As we live overseas, at every country to which we travel, we ask ourselves, "How much should we tip?" Personally, we'd rather not think about it at all, but as there is no universal system....sigh. Maybe we need to go to Japan again....
New York Times/IHT Aug 6-7, 2011
Where to Get the World’s Best Service
By NATE SILVER
Published: August 5, 2011
The guidebooks tell you never to tip in Japan. But when my partner and I traveled there last December, and our 90-pound bellhop insisted on carrying our overstuffed suitcases to our room, we thought a few hundred yen was more than appropriate. She politely refused our money. And over the course of the next week, so did the hotel clerks who equipped us with umbrellas at the first sign of drizzle, the concierges who booked us tables at mind-blowing sushi restaurants too off the grid to be listed on the Internet and the restaurant owners who presented us with a souvenir menu — in English — to commemorate all the delicious food we had just eaten.
No tipping meant no tipping, period.
This hard-line stance raised a question: do you get better service in countries where gratuity isn’t expected, or is Japan unique? The answer is a little bit complicated and involves something I call the Tipping Curve.
Last month, I polled 400 experienced international travelers about the levels of service they experienced in 24 countries and how much they tipped when they dined out in each one. In terms of service, Japan won in a landslide — it scored 4.4 points on average on a 5-point scale — while Russia came in dead last, with a paltry 1.7 points.
To figure out what constitutes generally accepted tipping practices, I built a “tipping index” from a combination of the survey responses and the guidance of three travel etiquette Web sites. I discovered that countries sort themselves into one of three groups: those where reasonably large tips are a part of the culture, those where tipping is uncommon and those that fall somewhere in between.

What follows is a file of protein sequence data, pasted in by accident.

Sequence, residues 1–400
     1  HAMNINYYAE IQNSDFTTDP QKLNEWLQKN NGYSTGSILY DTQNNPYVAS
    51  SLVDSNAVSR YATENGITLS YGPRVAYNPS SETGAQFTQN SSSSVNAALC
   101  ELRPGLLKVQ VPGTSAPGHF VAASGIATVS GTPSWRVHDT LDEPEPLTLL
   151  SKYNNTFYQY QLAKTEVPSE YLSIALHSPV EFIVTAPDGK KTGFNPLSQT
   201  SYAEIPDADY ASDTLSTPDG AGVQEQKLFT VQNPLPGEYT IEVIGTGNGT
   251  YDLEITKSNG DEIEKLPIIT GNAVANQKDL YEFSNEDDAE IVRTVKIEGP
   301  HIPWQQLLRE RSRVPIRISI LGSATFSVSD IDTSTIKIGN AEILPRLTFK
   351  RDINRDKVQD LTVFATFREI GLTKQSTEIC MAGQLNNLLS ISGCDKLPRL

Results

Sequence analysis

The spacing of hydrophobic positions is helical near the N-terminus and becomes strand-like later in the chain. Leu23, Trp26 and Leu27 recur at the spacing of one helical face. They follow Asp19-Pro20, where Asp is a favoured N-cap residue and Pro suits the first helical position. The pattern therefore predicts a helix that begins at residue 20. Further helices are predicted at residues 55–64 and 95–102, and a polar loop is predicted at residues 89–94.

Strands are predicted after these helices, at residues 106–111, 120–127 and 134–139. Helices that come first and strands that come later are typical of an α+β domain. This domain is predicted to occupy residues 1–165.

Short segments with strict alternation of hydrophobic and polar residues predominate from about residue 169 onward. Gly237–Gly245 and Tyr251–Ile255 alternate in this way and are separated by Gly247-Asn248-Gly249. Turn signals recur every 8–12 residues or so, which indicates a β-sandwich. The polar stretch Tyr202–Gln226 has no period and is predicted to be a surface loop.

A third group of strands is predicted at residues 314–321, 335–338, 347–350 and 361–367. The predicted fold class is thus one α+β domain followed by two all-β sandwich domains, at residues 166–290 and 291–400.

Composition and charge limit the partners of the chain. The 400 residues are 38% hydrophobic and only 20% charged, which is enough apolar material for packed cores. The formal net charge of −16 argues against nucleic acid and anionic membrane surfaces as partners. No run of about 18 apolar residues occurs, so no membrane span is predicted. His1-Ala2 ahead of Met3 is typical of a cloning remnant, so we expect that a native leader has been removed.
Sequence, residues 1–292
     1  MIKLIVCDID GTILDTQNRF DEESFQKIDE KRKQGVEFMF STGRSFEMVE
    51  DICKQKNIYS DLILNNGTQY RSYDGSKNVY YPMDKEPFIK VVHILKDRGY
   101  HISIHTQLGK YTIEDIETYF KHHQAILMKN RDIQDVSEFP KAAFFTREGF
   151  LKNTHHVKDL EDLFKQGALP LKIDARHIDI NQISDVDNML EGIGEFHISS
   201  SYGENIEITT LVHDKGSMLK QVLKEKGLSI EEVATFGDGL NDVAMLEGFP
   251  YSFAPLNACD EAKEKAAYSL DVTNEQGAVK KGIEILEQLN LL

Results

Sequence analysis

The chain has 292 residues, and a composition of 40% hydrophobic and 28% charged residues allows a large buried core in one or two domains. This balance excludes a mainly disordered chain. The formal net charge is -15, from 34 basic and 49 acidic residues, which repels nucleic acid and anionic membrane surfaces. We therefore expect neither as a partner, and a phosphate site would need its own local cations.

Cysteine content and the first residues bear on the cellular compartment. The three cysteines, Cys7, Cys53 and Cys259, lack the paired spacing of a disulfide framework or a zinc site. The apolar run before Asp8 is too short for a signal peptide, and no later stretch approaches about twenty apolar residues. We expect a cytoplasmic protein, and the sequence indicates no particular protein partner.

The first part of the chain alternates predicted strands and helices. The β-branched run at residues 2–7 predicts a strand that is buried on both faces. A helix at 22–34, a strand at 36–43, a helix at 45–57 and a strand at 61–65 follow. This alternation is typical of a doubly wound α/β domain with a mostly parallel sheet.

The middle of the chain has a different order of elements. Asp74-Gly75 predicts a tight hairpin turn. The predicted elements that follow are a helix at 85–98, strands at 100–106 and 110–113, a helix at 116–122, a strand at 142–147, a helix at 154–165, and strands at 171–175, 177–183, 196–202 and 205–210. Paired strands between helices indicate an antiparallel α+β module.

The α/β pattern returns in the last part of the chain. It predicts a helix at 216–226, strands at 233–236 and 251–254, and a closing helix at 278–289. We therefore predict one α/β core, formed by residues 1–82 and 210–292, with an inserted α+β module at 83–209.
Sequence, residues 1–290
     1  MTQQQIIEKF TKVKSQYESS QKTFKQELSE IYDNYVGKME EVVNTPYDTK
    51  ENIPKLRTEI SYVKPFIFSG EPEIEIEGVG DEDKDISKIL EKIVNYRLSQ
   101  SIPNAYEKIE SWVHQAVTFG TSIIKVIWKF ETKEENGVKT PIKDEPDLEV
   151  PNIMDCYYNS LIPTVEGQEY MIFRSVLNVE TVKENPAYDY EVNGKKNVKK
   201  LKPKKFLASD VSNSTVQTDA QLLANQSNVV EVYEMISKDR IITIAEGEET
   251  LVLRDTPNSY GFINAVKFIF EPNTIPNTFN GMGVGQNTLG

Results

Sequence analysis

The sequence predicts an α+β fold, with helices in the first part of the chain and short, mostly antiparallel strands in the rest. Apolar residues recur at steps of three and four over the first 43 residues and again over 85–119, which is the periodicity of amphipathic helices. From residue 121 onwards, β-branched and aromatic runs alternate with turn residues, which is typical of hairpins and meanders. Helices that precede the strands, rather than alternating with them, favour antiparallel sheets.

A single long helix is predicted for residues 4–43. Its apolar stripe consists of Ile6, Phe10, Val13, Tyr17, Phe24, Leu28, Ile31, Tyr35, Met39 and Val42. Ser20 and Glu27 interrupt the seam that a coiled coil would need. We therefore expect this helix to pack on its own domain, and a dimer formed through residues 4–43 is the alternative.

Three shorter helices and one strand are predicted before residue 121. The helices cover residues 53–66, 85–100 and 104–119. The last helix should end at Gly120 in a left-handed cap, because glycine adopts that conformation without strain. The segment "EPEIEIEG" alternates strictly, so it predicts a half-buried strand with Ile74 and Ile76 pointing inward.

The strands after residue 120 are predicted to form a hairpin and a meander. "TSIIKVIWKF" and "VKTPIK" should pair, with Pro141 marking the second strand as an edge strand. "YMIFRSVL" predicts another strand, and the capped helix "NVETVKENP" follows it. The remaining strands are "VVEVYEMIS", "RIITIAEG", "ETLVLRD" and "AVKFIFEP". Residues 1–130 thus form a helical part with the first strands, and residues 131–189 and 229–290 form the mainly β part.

The countries that received the highest grades for customer service tended to cluster at either end of the spectrum. In Japan and Thailand, tipping is rare, but the service is regarded as excellent. The most tip-friendly countries — the United States and Canada — also received above-average marks for service.
Most European nations (Germany being the exception) scored below average. Places like France, Spain and Italy often append a service charge to the bill — but what you tip on top of that is an open question. About one-third of visitors to France said they left no more than pocket change for their garçon, while another quarter of the people tipped at least 15 percent for decent service.
There are also weird cases like Russia, where a tip is expected of a foreigner but not always of a native, and Egypt, where tipping is common but often at a flat rate rather than as a percentage of the bill.
All of this brings us to the Tipping Curve. If servers expect a generous gratuity, there is a strong economic incentive for them to do superior work. And if they expect nothing at all, good service is taken completely out of the economic context and becomes a matter of custom.
But when countries try to split the difference or if they introduce confusing rules into the system, their servers are more likely to leave customers dissatisfied.